If you can’t tell by the tonality of the previous articles, I have a soft spot for our Armed Forces both domestic here in the UK and worldwide. It comes from a previous life in which I served 3 years in the Royal Navy post-University. Once you have been part of a large organisation, you take on some of its better aspects and meld them into your own character, but also develop the understanding of being a part of a greater whole. Though you may not (and likely will not) agree with everything the organisation stands for, there is something very important to be said for the strength of a tribe.
Yet for all its cutting-edge technology and weapons systems, there is a massive need for redundancy and resilience. The systems approach in the military is based on previous wars, and so these approaches only modernise when they have to or are forced to evolve. And this applies to all domains, not solely the systems – it also impacts the methods of physical preparedness which I’m sure to drill down on at a later date, as well as the mental, emotional and spiritual dimensions.
Now an age-old approach can be readily taken in creating physical preparedness. Group PT, weighted runs and plenty of calisthenics does breed a well-rounded athlete from any foundation. Coupled with a high-caloric diet consisting mainly of healthy staples, a base for physical fitness and health is created for all serving individuals in a way that provides them with the capability at the very base level to do what they need to do. Beyond this point, the impetus is on the individual.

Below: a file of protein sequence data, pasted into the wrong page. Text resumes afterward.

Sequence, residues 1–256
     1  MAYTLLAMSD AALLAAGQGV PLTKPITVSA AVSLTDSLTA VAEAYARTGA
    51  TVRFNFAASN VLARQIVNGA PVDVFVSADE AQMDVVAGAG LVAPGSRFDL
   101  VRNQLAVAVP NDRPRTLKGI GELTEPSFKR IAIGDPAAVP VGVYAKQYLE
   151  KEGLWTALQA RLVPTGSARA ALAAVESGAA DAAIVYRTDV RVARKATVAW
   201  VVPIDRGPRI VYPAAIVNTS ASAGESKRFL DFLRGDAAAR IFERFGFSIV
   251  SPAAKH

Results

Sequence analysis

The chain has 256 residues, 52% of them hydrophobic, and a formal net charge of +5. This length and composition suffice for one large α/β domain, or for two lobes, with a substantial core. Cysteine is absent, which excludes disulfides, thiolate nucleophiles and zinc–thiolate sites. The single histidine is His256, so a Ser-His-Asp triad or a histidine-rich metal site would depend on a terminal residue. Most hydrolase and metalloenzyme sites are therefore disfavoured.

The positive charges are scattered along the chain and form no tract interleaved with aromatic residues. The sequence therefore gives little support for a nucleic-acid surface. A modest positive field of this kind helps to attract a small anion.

When it comes to the mental and spiritual domains though, the age-old approach does not necessarily work quite so well. As the physical threats to the vast majority of individuals have lessened over the past 50 years with an increased understanding of ageing and disease and advances in medical science and technology, so too have the mental stresses grown to fill the void. As a society as a whole, we have become less mindful and more mind-full day by day.
“If you live in America in the 21st century you’ve probably had to listen to a lot of people tell you how busy they are. It’s become the default response when you ask anyone how they’re doing: “Busy!” “So busy.” “Crazy Busy.” It is, pretty obviously, a boast disguised as a complaint. And the stock response is a kind of congratulation: “That’s a good problem to have,” or “Better than the opposite.”
This frantic, self-congratulatory busyness is a distinctly upscale affliction. Notice it isn’t generally people pulling back-to-back shifts in the ICU, taking care of their senescent parents, or holding down three minimum-wage jobs they have to commute to by bus who need to tell you how busy they are; what those people are is not busy but tired. Exhausted. Dead on their feet. It’s most often said by people whose lamented busyness is purely self-imposed: work and obligations they’ve taken on voluntarily, classes and activities they’re “encouraged” their kids to participate in. They’re busy because of their own ambition or drive or anxiety, because they are addicted to busyness and dread what they might have to face in its absence.”
“Lazy: A Manifesto” by Tim Kreider